Fasciola: In Europe and South America, Galba truncatula is the most common intermediate host for F. hepatica. Freshwater snails from the Lymnaeidae family are intermediate hosts of F. hepatica. Planorbidae snails are occasionally used as intermediate hosts for F. hepatica. The following are significant species involved in the transmission of F. hepatica and are responsible for the establishment of miracidium in the cercaria stages of Fasciola larvae (Table 1 and Figure 3).

Snail intermediate host  Country
Lymnae truncatula Europe
Lymnae stagnalis Europe
Lymnae viator Peru
Lymnae columella New Zealand
Lymnae tomentosa Australia
Lymnae natalensis West and Eastern Africa
Lymnae rufescens West Africa
Lymnae glarba Europe

Table 1: Snail intermediate hosts and their distributions.


Figure 3: Shell layers of Galba truncatula; intermediate host of F. hepatica.

Paramphistomes: Snails of the genera Bulinus, Planorbis, and Stagnicola serve as intermediate hosts.

Schistosoma: Bulinus and Physopsis species are particularly significant in the transmission of schistosomiasis in cattle and sheep.


Fasciola: The parenchymal (migratory) phase and the biliary phase are the two phases in which infection develops in a definitive host. When excysted immature flukes pierce the intestinal wall, they enter the parenchymal phase. Flukes travel through the abdominal cavity after penetrating the gut, eventually reaching the liver or other organs. The liver tissues are favored by F. hepatica. The lungs, diaphragm, intestinal wall, kidneys, and subcutaneous tissue are all possible ectopic fluke sites. Tissues are physically damaged during fluke migration, and inflammation occurs along fluke migratory pathways. When parasites penetrate the liver's bile ducts, the second phase (the biliary phase) begins. Flukes develop, feed on blood, and lay eggs in biliary channels. Tissue injury causes biliary duct hypertrophy and lumen blockage. Adult flukes are rather innocuous, but liver tissue is generally severely injured, as seen by edema, bleeding, discoloration, necrosis, bile duct hyperplasia, and fibrosis.

Paramphistomes: The pathogenic impact of rumen fluke is connected with the intestinal phase of infection. Because the immature fluke feeds on plugs, the duodenal mucosa is severely eroded. In severe infections, this results in enteritis, which is marked by edema, bleeding, and ulceration. This paramphistomosis is considered a very pathogenic illness in tropical climates. In livestock animals, it causes enteritis and anemia, resulting in significant output and economic losses.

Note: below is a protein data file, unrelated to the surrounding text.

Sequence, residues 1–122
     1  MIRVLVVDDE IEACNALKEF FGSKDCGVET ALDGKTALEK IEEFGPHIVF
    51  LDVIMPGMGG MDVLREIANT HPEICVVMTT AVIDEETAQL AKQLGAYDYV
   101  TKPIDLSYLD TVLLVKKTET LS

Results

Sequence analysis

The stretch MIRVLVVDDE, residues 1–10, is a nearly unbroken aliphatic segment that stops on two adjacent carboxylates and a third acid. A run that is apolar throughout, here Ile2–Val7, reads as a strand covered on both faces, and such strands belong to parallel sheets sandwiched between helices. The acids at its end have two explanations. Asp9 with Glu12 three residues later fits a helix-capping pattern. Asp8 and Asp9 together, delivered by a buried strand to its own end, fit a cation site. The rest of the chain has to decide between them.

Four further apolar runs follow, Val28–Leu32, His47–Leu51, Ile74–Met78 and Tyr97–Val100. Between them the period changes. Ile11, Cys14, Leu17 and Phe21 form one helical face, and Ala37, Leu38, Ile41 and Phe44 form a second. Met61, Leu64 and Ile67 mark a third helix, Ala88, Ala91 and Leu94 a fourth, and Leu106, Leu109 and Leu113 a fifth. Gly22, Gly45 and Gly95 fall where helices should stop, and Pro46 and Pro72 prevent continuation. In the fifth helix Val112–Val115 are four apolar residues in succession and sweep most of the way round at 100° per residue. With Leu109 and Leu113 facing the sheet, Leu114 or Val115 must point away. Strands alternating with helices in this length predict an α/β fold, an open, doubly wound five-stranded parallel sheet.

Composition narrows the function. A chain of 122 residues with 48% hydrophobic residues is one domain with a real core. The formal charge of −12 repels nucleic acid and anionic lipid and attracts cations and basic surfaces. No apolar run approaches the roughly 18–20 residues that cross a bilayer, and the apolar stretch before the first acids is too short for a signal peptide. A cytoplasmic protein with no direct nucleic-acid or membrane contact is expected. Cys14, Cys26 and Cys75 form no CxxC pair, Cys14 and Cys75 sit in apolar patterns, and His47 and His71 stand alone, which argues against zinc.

Pathological signs are caused by immature flukes. When immature flukes begin to congregate in the bowel, there is watery and fetid diarrhea, which is frequently linked to high mortality (even up to 80%-90%). In ruminants, up to 30,000 flukes can accumulate at one time and assault the duodenal mucosa, causing acute enteritis. The immature helminths adhere to the duodenal mucosa via their strong complete ventral suckers and are firmly embedded in the mucosa, producing severe enteritis, duodenitis, hypoproteinemia, edema, bleeding, and perhaps necrosis in previously uninfected young animals. Pathological lesions caused by immature Paramphistomum cause anorexia, polydipsia, severe diarrhea, and mortality in domestic ruminants.

Ruminal lesions have also been linked to heavy infection with the adult worms Paramphistomum ichikawai and P. microbothrium, which may have hampered digestion and absorption, leading to diarrhea, anorexia, anemia, and weakness. P. cerviare are plug feeders that cause significant disease by burrowing into the duodenum's submucosa and feeding on epithelial cells of the burner gland, causing anorexia, perfused fetid diarrhea, and a reduction in plasma protein concentration, and anemia that weakens the animal.

Schistosoma: Schistosomiasis (or bilharziasis) is unique among helminth infections for two reasons the majority of the pathogenesis is attributable to the eggs (rather than larvae or adults), and much of the pathology is caused by host immune responses (delayed type hypersensitivity and granulomatous reactions). Infections are frequently classified into three stages: Migratory, acute, and chronic. The migratory phase occurs when cercariae enter and travel through the skin. This condition is usually asymptomatic, but in sensitive individuals, it can cause temporary dermatitis ("swimmer's itch") and, in rare cases, pulmonary lesions and pneumonitis.

Adult worm eggs put into the circulation can infect local tissues, releasing poisons and enzymes and inducing a TH-2 mediated immune response. Inflammation and granuloma development occur around the deposited eggs, which can lead to fibrosis and scarring of afflicted tissues if the weight of the eggs is substantial. Eggs either reach the intestine (near the mesenteric veins where adult worms dwell) or move to the liver via the portal venous system. Granulomatous inflammation surrounding invading eggs in the gut can result in intestinal schistosomiasis, which is marked by ulceration and scarring.

Mechanical damage and lesions may result from egg migration. Furthermore, trapped Schistosoma eggs cause a granulomatous response that is meant to kill the eggs. These granulomas are made up of a variety of cells, the most common of which are eosinophils, macrophages, and lymphocytes. In the chronic stages of the disease, the pathology is accompanied by collagen deposition and fibrosis, resulting in organ damage and dysfunction.